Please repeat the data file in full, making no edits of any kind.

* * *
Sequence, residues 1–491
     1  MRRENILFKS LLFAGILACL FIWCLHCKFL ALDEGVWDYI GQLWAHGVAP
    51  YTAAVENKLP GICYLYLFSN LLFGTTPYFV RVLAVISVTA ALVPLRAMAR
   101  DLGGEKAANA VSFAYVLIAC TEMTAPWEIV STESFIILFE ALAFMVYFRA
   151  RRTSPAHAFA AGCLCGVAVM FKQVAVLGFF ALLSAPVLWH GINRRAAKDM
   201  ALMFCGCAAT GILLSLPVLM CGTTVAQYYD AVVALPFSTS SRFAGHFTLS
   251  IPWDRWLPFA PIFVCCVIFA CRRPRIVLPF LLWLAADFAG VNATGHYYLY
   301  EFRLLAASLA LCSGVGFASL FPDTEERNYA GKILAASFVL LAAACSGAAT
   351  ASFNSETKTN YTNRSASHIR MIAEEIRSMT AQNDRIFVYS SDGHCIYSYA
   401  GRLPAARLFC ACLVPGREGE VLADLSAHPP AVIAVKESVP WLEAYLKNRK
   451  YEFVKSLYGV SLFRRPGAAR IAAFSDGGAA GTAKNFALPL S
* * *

Sequence, residues 1–491
     1  MRRENILFKS LLFAGILACL FIWCLHCKFL ALDEGVWDYI GQLWAHGVAP
    51  YTAAVENKLP GICYLYLFSN LLFGTTPYFV RVLAVISVTA ALVPLRAMAR
   101  DLGGEKAANA VSFAYVLIAC TEMTAPWEIV STESFIILFE ALAFMVYFRA
   151  RRTSPAHAFA AGCLCGVAVM FKQVAVLGFF ALLSAPVLWH GINRRAAKDM
   201  ALMFCGCAAT GILLSLPVLM CGTTVAQYYD AVVALPFSTS SRFAGHFTLS
   251  IPWDRWLPFA PIFVCCVIFA CRRPRIVLPF LLWLAADFAG VNATGHYYLY
   301  EFRLLAASLA LCSGVGFASL FPDTEERNYA GKILAASFVL LAAACSGAAT
   351  ASFNSETKTN YTNRSASHIR MIAEEIRSMT AQNDRIFVYS SDGHCIYSYA
   401  GRLPAARLFC ACLVPGREGE VLADLSAHPP AVIAVKESVP WLEAYLKNRK
   451  YEFVKSLYGV SLFRRPGAAR IAAFSDGGAA GTAKNFALPL S